COVID-19 is having its severe economic impact on the region, especially where the exposure to international markets is high. In resource-based economies the impact is huge, cutting down governments and private sector economic activities and destroying jobs. In some countries like Saudi Arabia, Kuwait and the UAE, companies owned by the state and private sector employers have made tens of thousands of members of their workforce redundant and ended their contracts. In doing so, those who were made redundant became illegal residents, which means that by staying they risk being arrested and sent to prison. Indians, Pakistanis, Egyptians and other foreign nationals who have their families with them are the ones who suffer the most. They have families to feed but have no money to buy food. This is a very bad situation for those who were lending hands to support the economies of the host countries.

In Qatar, foreign workers who were confined to one area in Doha are until now looked after by the government. They are not allowed to go out but receive necessary food and supplies through governmental and private agencies. The departure of tens of thousands of foreign workers from the Gulf may put the much needed recovery later on in jeopardy, as companies will have to start a lengthy process of recruiting from abroad.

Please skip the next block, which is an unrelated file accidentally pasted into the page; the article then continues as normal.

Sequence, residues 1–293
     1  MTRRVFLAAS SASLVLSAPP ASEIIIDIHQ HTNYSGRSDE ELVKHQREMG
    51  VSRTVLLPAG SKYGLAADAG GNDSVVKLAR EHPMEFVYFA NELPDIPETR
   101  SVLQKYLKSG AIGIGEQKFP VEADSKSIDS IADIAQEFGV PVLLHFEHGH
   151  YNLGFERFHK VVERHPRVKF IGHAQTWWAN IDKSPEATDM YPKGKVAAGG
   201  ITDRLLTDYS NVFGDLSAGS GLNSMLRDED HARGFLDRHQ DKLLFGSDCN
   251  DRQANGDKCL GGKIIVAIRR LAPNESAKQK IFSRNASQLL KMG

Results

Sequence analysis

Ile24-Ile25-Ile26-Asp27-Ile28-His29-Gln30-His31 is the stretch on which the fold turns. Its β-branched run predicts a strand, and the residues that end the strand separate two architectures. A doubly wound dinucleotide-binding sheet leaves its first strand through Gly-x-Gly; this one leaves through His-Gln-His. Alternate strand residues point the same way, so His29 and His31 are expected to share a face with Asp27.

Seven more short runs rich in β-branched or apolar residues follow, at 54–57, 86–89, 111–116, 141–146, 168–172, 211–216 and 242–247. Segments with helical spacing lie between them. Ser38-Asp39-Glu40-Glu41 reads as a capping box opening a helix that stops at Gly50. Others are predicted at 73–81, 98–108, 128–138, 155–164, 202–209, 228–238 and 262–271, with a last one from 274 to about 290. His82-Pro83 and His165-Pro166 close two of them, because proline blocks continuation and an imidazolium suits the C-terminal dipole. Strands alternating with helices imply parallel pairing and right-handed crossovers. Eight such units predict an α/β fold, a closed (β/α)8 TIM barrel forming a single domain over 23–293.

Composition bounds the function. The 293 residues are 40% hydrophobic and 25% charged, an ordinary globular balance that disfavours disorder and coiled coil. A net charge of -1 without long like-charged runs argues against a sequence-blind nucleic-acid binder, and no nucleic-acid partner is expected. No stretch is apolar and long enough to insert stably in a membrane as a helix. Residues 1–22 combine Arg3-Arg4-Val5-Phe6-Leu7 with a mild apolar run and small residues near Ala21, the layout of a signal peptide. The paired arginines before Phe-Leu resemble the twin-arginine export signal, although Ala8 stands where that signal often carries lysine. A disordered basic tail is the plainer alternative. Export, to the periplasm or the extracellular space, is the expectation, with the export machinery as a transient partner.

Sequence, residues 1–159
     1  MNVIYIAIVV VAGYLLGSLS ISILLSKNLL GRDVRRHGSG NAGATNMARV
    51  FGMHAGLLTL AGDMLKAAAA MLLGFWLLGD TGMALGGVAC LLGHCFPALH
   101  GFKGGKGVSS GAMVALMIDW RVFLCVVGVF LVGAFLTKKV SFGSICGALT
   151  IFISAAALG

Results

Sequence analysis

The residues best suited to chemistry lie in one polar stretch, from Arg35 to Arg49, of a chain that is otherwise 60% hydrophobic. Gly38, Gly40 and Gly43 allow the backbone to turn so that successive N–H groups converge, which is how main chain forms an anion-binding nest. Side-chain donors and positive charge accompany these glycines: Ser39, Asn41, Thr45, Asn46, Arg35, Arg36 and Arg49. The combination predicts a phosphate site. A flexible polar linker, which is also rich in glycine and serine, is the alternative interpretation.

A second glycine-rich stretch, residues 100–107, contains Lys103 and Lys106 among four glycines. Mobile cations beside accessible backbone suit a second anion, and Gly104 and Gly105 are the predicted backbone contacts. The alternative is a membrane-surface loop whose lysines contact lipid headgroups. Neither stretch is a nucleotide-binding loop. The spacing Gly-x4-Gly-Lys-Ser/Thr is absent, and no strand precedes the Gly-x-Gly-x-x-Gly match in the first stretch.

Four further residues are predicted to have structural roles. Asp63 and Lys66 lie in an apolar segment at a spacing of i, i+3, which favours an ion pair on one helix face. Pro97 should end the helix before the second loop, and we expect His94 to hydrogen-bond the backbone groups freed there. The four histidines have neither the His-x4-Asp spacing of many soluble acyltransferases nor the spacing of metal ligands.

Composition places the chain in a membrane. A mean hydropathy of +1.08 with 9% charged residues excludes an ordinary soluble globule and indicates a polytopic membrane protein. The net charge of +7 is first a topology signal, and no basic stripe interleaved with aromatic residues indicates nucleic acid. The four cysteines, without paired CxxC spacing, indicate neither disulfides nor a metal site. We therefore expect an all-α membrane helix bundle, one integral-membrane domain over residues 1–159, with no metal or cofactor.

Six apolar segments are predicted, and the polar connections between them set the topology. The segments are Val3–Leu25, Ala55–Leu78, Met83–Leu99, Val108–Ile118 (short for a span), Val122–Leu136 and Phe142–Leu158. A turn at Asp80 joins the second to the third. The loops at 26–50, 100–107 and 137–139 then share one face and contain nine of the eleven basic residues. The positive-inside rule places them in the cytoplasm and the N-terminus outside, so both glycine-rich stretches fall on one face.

In some countries or economic sectors where they are less exposed to international markets, the economy is almost untouched. For example, the agricultural sector in Egypt is still working well. But the country is exposed to an economic hit as a result of the decline of revenues from activities such as gas exports, tourism, the Suez canal and foreign investment, not to mention the negative impact of thousands of workers returning from the Gulf. In countries torn up by war such as Syria, Libya and Yemen, the impact of the COVID-19 outbreak is adding more agony to the suffering of the people.

However, as the state still plays the most important role in running the economy in most of the region, the slump of oil prices, decline of international trade and tourism which are expected to cause global economic contraction will impact the economy of the region as a whole.

According to the latest estimates released by the IMF, economies of the Middle East and Central Asia will contract by 2.8% by the end of this year, but will grow in 2021 by 4%. Looking at market realities, such estimates reflect a very optimistic scenario that is based on a strong recovery in the second half of 2020. If the economy failed to bounce back strongly from contraction to recovery during the second half of the year, the expected recovery would be slow and modest. Most of the monetary and financial stimulus packages are designed to save banks and big companies and help businesses keep afloat. In most of the region the situation will depend on the recovery of the oil market. Despite the latest agreement on production cuts, the market seems less convinced, and we may see prices hovering around $30 per barrel for most of the second half of 2020. If that were the case, the Saudi economy may contract by up to 15%, five times the IMF estimate. It is also clear that other sectors are taking bad hits: tourism, exports and foreign investment in the region have already witnessed a huge downturn.